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No, America Should Not Ditch Strategic Ambiguity For Reckless Hawkishness On Taiwan

Keeping China guessing about America’s response has kept the peace. America and the world cannot afford to abandon the one-China policy.


For several decades, the United States has had to navigate the tense conflict between the People’s Republic of China and Taiwan. This residual dispute from the Cold War could turn hot should America abandon a tried-and-true strategy in favor of reckless hawkishness.

For over 50 years, the United States has maintained a one-China policy, which asserts there is one China of which Taiwan is part. Successive administrations from both parties maintained a “strategic ambiguity” when asked whether the United States would fight to defend Taiwan. This approach has kept the peace in the Taiwan Strait because China could never be sure if it would have to contend with America’s military might. But casual discussions on Sunday talk shows about our ability to repel the People’s Liberation Army aside, a war in the Taiwan Strait would be catastrophic.

Despite Carl von Clausewitz’s warning that “war is the realm of uncertainty,” we can be sure such a war would, at a minimum, disrupt the global economy, cost billions of dollars, and take an untold amount of lives.

Some of the world’s largest economies would clash on a global battleground. China, Japan, Taiwan, South Korea, and all those doing business with those countries operate within the potential battle zone. More than 80 percent of the world’s largest container ships connect the global economy through the Taiwan Strait. For perspective, imagine the disruption of the Covid lockdowns and multiply it by 10.

Specific sectors of the global economy would be devastated. Taiwan is a major player in the global technology business. Taiwan’s semiconductor sector industry accounts for U.S. $115 billion, and Taiwanese companies account for 60 percent of the world’s semiconductor market. A disruption to Taiwan’s economy would hamper the production of these vital products and services.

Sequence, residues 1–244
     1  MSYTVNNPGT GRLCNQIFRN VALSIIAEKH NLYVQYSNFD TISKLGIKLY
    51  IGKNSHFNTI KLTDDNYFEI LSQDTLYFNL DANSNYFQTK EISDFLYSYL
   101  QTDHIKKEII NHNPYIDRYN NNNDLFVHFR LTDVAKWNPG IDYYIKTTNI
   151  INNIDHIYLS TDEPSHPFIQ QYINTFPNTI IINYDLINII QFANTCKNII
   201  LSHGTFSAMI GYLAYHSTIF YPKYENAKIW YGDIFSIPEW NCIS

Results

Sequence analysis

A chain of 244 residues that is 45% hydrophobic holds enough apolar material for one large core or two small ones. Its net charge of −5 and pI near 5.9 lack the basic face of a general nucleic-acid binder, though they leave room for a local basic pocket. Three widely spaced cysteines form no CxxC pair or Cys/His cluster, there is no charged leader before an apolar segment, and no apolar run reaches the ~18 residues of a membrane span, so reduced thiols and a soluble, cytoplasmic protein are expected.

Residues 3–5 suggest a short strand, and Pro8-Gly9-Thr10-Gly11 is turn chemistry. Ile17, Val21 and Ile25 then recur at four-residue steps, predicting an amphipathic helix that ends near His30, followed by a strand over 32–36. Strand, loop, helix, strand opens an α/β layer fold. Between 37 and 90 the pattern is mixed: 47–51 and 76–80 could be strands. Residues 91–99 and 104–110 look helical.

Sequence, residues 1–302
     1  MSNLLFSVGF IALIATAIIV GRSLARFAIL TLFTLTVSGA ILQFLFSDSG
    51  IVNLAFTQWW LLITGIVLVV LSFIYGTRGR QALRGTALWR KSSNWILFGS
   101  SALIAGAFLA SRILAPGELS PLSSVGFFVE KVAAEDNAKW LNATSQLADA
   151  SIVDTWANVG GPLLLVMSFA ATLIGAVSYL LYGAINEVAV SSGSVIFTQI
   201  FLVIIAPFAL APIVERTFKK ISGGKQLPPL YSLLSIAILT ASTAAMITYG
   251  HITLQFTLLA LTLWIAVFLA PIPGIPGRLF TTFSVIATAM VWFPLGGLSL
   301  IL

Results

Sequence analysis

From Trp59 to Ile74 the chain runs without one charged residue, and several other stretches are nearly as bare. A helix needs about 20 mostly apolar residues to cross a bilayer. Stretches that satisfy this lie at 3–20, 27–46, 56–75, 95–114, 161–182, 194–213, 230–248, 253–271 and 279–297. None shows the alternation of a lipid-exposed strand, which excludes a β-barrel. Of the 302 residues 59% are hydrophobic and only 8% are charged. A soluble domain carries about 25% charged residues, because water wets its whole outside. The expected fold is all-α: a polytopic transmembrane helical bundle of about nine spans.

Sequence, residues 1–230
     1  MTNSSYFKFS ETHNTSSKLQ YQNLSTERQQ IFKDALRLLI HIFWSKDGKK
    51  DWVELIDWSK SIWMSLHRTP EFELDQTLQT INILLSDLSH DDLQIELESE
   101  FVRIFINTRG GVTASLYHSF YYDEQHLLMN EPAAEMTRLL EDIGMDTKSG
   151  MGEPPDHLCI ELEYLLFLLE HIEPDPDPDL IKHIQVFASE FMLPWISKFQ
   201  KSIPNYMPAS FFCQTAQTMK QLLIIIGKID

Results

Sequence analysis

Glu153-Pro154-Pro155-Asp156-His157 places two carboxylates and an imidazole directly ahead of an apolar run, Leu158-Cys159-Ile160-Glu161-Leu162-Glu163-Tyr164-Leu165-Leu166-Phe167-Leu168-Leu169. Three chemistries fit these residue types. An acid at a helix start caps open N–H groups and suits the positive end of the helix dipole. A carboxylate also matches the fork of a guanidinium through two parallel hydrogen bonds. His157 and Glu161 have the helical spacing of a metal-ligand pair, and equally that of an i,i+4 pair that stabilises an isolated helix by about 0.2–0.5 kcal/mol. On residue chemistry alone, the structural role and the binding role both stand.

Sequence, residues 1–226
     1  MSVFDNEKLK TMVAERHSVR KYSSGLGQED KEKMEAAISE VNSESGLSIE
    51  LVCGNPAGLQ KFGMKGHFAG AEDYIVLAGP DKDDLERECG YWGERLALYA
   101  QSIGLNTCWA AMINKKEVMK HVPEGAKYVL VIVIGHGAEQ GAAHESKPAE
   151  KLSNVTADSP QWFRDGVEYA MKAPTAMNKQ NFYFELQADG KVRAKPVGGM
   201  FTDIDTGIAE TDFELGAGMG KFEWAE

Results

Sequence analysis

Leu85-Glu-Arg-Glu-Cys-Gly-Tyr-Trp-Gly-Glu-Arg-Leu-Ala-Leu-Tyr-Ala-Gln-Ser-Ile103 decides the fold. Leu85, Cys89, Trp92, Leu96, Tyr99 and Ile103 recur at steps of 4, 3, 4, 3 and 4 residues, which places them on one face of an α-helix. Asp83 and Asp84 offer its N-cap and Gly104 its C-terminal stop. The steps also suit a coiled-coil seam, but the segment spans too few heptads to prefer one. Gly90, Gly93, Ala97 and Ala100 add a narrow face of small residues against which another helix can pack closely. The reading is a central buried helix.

And if you think the over $113 billion in aid the United States provided to Ukraine in the last year is high, the price tag for a war over Taiwan would easily surpass that amount. Taiwan is an island nation with limited resources and would need everything from the materials to wage war to food. This cost will primarily fall on American taxpayers, regardless of whether their opinions are considered about the wisdom of intervention. Unlike the artillery-dominated war in Ukraine, a war in the Taiwan Strait would be conducted by waves of aircraft, fleets of ships at sea, and high-tech missiles.

With that kind of warfare comes a hideous cost of life. Taiwan is home to nearly 24 million people. Every bomb, bullet, or missile that hits Taiwan will do damage and cause casualties. To put it in perspective with current events, Taiwan is less than one-tenth the size of Ukraine with half as many people. There is nowhere to run on the island. The casualties both in and out of uniform would be horrendous.

Fortunately, the one-China policy has avoided this kind of war. But hawks in Congress and the administration are pushing for a more aggressive stance against China, at times even expressing support for a break from the one-China policy and at least tacitly pushing for Taiwanese independence. While one can understand the desire to support the self-determination of the Taiwanese people, the bellicose tone taken by some risks talking the United States into a war with a China that has a growing military and alliances with other American adversaries.

Some would suggest that unambiguously aggressive support for Taiwan against the PRC is the best way to support self-determination and avoid war. But we must remember that taking a jingoistic adversarial position could elicit a stronger reaction than anticipated. Pushing for Taiwan’s independence is creating a self-fulfilling prophecy that is more likely to cause the very war we are trying to prevent. In any naval war with China, we stand the chance of losing more Americans in a day than we did in the 20 years of our wars in the Middle East. The loss of one aircraft carrier alone could mean 5,000 casualties. China isn’t Iraq, and it isn’t Russia.

While we seek those solutions, let’s not continue to toss matches at a pool of gasoline. Certainly, we can take the steps that are prudent to ensure our military can handle any scenario, but these must be done without fanfare.

The way to preserve peace is to reaffirm the one-China policy. Aggressive U.S. policies designed for domestic audiences without regard for international ones could inadvertently signal to China that it has no choice but to prepare for war and strike when conditions are most advantageous.

Keeping China guessing about America’s response has kept the peace. America and the world cannot afford to abandon the one-China policy.

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